Last November, Detroit voters desperate for good paying jobs approved a misguided law that will actually drive jobs out of the city instead of helping workers earn more.

Under the new "living wage" ordinance, employers who do significant business with city government must offer all workers a minimum wage of over $10.00 per hour. Employers who offer health benefits must pay over $8.00.

One Detroit economist estimates that the ordinance will destroy seven percent of the city’s jobs, hurting poor and low-income workers the most. Why will this happen?

First, the ordinance makes it illegal for a worker to get or keep a job unless his employer agrees his skills are worth more than the government-mandated minimum wage. Job providers will either lay off or refuse to hire anyone else.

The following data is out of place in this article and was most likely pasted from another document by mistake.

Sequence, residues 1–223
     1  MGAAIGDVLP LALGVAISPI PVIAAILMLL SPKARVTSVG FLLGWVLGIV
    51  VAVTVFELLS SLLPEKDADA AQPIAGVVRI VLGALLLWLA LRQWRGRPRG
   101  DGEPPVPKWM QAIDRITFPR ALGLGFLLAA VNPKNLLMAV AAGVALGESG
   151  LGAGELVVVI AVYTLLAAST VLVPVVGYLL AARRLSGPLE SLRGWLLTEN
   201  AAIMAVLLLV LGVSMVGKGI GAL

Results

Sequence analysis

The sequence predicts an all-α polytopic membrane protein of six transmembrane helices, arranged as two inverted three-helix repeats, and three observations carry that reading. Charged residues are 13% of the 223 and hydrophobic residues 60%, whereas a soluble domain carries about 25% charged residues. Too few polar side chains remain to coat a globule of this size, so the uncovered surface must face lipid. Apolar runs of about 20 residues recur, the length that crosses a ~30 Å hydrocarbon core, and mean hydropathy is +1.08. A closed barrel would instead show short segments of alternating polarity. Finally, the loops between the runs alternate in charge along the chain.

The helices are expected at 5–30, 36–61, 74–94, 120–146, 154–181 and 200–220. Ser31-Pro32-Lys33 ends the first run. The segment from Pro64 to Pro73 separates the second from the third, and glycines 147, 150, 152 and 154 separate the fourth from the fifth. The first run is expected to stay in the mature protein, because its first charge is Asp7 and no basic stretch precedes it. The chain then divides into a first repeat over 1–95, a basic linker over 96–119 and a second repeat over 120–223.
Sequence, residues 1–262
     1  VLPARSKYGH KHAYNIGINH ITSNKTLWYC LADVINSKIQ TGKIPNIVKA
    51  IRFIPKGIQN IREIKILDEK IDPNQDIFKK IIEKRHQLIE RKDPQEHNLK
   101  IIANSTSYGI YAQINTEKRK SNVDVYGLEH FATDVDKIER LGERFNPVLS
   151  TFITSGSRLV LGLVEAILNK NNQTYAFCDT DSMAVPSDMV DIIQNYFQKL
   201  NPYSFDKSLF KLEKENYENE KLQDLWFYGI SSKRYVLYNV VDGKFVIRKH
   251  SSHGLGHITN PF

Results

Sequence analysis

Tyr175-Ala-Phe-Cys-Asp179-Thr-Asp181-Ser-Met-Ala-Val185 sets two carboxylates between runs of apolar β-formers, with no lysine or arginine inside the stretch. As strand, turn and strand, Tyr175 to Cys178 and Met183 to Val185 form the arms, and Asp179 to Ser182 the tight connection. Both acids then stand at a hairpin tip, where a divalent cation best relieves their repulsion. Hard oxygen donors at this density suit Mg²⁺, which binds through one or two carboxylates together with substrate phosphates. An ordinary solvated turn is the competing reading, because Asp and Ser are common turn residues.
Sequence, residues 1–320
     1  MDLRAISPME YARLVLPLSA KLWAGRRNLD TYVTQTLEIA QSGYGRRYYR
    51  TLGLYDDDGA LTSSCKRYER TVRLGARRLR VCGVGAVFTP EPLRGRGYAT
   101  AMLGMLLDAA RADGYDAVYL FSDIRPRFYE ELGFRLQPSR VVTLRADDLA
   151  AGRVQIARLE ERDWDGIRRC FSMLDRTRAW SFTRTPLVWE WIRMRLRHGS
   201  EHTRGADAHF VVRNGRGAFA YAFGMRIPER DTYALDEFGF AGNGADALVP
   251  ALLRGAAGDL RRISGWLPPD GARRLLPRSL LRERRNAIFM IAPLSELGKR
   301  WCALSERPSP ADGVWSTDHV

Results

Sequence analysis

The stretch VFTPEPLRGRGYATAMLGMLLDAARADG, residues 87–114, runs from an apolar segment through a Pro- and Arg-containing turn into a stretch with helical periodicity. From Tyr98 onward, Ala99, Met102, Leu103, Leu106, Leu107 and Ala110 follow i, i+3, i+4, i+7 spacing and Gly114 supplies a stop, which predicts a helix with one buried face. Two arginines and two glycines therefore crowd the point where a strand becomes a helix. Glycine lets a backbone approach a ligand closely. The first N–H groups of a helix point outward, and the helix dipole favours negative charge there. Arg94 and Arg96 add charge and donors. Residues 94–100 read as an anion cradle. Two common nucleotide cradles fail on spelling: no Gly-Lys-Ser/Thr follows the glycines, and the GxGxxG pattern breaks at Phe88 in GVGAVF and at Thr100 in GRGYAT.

Second, the law applies to private charities including the Salvation Army, which serves thousands of needy Detroit citizens. The additional $1.5 million cost imposed on the Salvation Army’s payroll will force it to fire employees or drastically slash services to the poor.

Good paying jobs are a desirable goal, but higher productivity and job experience, not government mandates, are the key to higher wages for Detroit workers.

For the Mackinac Center, this is Catherine Martin.

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